YMMV / Joy Division

  • Broken Base:
    • The production of Martin Hannett. Most people, including Ian Curtis, are fond of his sterile production style, while many fans who heard the band's live material are surprised by the raw energy and prefer Joy Division as a live band. In interviews Bernard Sumner and Peter Hook themselves that they only initially wanted Unknown Pleasures to sound how they sounded live and were initially unhappy with Hannett's style. Some fans love both styles of the band, the studio style and the live concert style.
    • Which is better, Unknown Pleasures or Closer? The latter is commonly considered the band's masterpiece. However, some prefer the less experimental, more rock-oriented style of the former and dislike the experimental, synth-heavy direction on the latter with its comparatively dry production.
  • Creator Backlash: As mentioned above, Sumner and Hook (and Morris as well) were not fond of the production on their albums, claiming that Hannett took them too far away from their live sound. Hook and Morris eventually came around and are quite fond of the albums' overall sound now, but Sumner never has.
  • Despair Event Horizon: Curtis. Control hypothesizes that after having a verbal altercation with his wife (chasing her out of the house) and watching TV, Curtis suffered another grand mal seizure and collapsed. When he came to again, he crossed the horizon — and was Driven to Suicide as a result.
  • Ear Worm:
    • 31G, 31G, 31G, 31G... From "Warsaw." And the bassline from "Exercise One."
    • And of course, the more well-known hits "Transmission," "Love Will Tear Us Apart," "She's Lost Control," and "Dead Souls" certainly count.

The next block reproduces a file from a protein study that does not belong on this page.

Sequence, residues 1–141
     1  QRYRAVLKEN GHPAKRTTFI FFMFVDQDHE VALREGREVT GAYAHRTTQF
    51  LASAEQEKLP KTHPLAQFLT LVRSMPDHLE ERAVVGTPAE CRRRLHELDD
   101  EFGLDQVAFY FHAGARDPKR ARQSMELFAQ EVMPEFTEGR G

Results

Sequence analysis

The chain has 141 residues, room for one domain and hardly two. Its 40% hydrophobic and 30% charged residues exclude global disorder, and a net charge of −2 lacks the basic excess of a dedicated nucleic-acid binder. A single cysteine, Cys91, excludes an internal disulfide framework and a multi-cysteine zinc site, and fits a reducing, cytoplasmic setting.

• "This is the way, step inside..." from "Atrocity Exhibition."
    • Speaking of Closer, who could forget:
    "Isolation (BA-deep-BA-deep, BA-deep-BA-deep), iso-lay-shunnn (BA-deep-BA-deep, BA-deep-BA-deep), isolation!"
    • Let us not forget that damn catchy intro to "Disorder".
  • Fandom Rivalry: Oh god, Joy Division fans vs. New Order fans. Joy Division fans argue that the band is nothing without Ian Curtis's dark, poetic lyrics, while New Order fans argue that New Order has the energy, song-writing prowess and experimentation that made Joy Division great or was lacking in Joy Division. Of course, many more fans enjoy both bands.
  • "Funny Aneurysm" Moment: The first two sentences of Melody Maker's review of Unknown Pleasures: '"To talk of life today is like talking of rope in the house of a hanged man." Where will it end?'
    • The tombstone on the cover of Closer, which was released just weeks after Ian Curtis' suicide. (The art was created before his death.)
    • The artist responsible for the artwork for the "Love Will Tear Us Apart" single release said he only realized in retrospect that Curtis had intended the artwork to resemble a headstone.
  • Gateway Series: A lot of people discover Post-Punk with this band.
  • Germans Love David Hasselhoff: Joy Division has a strong cult following in New Zealand. When Ian Curtis died, a fan had painted a tribute to him on a wall in Wellington, which still remains today, although it had been relocated and re-painted a few times.
  • Harsher in Hindsight: Most of Ian's lyrics are ominous but "In a Lonely Place" stand out. It never actually came out in Ian's lifetime, but New Order re-recorded it as a B-Side. The verse that stands out "Hangman looks round as he waits / Cord stretches tight and it breaks / One day we will die in your dreams / How I wish you were here with me now" Yikes.
    • Though not a Joy Division song, Throbbing Gristle's song "Weeping" become more chilling than usual when taken into account that it's not only about suicide, but one of Ian's favorite songs, to the point of singing parts of it during phone calls with TG members.
    • In 2017, Chris Cornell, former lead singer for Soundgarden and Audioslave, also hung himself on May 18... the same date as Ian's suicide. Some fans do not think his choice of method and date was at all a coincidence.